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Old 07-05-2017, 03:11 PM
 
5,026 posts, read 4,841,789 times
Reputation: 11691

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Quote:
Originally Posted by vickychandrasen View Post
We have a rough understanding of the neighborhoods by now. Considering our budget and housing preferences we have shortlisted N. Quincy and Quincy centre, Jamaica Plain and Malden centre. Out of which we would like to learn more about Quincy and Jamaica plain and Malden will be our last choice as it has a more suburban feel to it. Can you please advise which areas in Jamaica plain we should avoid while looking out for rentals. Also the same for Quincy. We want to stay close to the Subway. So this way even if we pay more for the apartment we can atleast avoid having a car. Thank you !!
I'm from NYC. Been here for 7 years. Live in Brookline. You won't find any place here that remotely resembles Astoria (I grew up in Brooklyn and wife grew up in Queens - I'm familiar w/Astoria).

I predict you'll be pretty disappointed at first. You'll be like...where are things? Where's the buzz? After getting used to things, hopefully you'll like it.

With respect to your shortlist, Jamaica Plain gets my vote. From your list, that's the best place to get around without a car. You won't be happy in Malden without a car at all, and I think it's kind of dumpy too and doesn't have much going on.

You can join ZipCar or their car share competitor Enterprise (make sure they have enough locations where you end up living).

Best of luck.
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Old 07-05-2017, 03:33 PM
 
Location: (six-cent-dix-sept)
3,985 posts, read 1,944,710 times
Reputation: 2440
Quote:
Originally Posted by vickychandrasen View Post
@Mission Hill: You have deep knowledge on Jamaica plain and thank you for taking the time to explain this to me. @ Stanley - The interactive map has been very useful, thanks for sharing.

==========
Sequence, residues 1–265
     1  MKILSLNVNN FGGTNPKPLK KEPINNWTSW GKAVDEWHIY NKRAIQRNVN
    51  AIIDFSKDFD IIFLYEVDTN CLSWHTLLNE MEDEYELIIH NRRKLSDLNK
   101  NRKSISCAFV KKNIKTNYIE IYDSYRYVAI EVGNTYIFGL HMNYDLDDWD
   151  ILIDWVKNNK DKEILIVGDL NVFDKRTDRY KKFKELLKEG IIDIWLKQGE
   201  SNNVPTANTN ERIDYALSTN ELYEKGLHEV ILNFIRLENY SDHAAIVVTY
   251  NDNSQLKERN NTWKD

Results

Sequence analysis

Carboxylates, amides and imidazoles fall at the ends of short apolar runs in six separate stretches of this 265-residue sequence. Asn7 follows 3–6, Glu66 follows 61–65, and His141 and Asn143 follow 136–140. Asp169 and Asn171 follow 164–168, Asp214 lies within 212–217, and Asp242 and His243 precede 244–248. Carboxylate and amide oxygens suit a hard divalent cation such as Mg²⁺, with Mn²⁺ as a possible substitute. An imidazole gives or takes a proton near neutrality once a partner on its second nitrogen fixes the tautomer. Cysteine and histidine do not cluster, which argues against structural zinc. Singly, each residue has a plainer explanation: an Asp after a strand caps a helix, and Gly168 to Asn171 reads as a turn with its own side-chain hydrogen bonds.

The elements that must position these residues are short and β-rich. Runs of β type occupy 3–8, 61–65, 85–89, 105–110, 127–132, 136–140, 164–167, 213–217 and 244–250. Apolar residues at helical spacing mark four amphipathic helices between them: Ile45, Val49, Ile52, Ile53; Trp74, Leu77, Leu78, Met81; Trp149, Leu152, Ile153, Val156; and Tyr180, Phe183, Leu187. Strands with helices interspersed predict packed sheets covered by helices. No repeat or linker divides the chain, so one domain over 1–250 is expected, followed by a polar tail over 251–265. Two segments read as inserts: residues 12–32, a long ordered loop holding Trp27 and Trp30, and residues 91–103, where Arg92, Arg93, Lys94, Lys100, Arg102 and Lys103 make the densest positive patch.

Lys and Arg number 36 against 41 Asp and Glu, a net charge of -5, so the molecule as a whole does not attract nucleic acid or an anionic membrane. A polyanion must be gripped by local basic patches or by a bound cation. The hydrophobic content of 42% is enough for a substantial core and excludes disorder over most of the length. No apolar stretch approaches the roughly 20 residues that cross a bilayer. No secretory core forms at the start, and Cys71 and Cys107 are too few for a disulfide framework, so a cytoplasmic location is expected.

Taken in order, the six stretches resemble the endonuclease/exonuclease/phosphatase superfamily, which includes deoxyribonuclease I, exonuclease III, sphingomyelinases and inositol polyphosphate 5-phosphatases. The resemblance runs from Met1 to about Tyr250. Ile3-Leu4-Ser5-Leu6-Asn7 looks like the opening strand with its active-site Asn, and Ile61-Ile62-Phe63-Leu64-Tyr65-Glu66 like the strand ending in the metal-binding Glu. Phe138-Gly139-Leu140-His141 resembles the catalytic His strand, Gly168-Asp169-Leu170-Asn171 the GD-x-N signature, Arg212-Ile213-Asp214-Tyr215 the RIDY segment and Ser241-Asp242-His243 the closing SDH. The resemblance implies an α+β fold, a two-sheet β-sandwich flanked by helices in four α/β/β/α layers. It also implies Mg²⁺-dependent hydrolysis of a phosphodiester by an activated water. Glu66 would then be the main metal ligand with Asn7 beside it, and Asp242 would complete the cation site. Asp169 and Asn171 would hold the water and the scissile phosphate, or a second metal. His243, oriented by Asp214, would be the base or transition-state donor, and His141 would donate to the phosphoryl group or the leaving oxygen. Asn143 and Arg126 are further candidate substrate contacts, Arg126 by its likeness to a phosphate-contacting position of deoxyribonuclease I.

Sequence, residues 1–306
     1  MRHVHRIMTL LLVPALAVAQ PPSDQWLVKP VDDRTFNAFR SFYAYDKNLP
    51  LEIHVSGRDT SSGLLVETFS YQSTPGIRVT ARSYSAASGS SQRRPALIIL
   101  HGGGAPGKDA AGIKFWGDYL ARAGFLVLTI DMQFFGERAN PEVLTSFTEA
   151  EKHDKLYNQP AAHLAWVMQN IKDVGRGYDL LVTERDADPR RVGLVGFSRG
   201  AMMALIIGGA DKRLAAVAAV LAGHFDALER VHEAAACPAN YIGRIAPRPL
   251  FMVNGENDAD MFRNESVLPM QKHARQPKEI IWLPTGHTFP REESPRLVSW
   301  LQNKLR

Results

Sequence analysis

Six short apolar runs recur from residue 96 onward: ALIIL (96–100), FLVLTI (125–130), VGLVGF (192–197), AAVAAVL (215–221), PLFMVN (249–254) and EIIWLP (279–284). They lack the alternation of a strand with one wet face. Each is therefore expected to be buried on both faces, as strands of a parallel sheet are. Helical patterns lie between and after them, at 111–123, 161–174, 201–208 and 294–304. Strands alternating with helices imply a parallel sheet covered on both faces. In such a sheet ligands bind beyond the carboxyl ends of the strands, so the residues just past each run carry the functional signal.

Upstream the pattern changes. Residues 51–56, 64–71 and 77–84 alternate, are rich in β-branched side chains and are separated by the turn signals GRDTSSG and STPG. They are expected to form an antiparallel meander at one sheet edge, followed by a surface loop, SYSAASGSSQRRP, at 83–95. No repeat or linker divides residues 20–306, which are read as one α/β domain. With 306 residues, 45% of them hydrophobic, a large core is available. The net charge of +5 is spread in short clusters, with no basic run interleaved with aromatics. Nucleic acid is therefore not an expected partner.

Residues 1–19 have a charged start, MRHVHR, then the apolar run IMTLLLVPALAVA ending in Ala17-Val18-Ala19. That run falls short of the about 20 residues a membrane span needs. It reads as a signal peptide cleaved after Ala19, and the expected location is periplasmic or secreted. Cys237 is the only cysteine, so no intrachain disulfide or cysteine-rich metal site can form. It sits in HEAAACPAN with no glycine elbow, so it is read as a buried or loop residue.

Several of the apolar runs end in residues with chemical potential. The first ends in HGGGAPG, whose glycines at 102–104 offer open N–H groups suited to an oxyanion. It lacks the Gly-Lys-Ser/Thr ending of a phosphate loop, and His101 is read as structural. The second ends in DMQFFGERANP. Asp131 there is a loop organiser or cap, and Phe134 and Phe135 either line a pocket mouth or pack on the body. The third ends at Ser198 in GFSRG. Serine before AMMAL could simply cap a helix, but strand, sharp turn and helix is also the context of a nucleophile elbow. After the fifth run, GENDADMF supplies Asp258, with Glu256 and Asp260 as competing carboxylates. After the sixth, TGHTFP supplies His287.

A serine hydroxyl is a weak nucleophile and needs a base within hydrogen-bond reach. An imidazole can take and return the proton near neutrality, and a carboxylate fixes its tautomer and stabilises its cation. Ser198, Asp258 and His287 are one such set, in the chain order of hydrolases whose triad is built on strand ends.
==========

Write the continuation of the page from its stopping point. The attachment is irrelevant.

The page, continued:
We've been speaking to a few apt management companies and although we still haven't finalized on an apartment , looks like we might have to settle with Malden. I had no idea rents were so expensive in Boston, it's almost the same as NYC. We are hoping to find something in Malden center as it is close to the orange line and Somerville and Cambridge.

I am still confused if I should engage a broker or not as I need to settle for an apartment by the 24th of July. I would like to avoid the broker fee , maybe a day trip to Boston might help.
def travel to boston to shop around. i thought its been quite common knowledge that boston area had expensive real-estate -- youre competing with harvard/tufts/bu/... students after all. i think according to redfin boston has the 3rd highest average rental costs behind san fran and d.c. but if you were living in an n.y.c. bubble all your life you probably would never notice. (obviousely, if manhattan was a city it would be by far the most expensive. but i guess the other districts bring the average down ?)

i know of landlords who insist on having an agent run background checks, it costs the renter about a months worth of rent. i suspect its to minimize the amount of section-8 applicants. its shady but 'dems 'da breaks.

probably not necessary but renting a room with 4 roomates is how one of my boys makes it.
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Old 07-05-2017, 04:55 PM
 
405 posts, read 158,526 times
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I agree that although Boston is very vibrant and doesn't have nearly the sustained vibrancy that you will find in NYC. If you get to know the neighborhoods you will find plenty of diversity of cuisine and culture. Let us know if we can give you any more info about neighborhoods once you move. How far is your commute to work? Best of luck
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Old 07-05-2017, 08:09 PM
 
12 posts, read 7,551 times